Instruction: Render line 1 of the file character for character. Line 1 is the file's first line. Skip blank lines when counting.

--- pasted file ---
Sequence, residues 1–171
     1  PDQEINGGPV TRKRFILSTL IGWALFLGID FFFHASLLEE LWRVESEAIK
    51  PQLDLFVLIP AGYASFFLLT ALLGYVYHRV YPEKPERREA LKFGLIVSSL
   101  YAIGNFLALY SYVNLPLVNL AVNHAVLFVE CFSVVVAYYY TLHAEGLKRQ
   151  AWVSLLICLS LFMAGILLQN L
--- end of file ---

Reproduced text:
Sequence, residues 1–171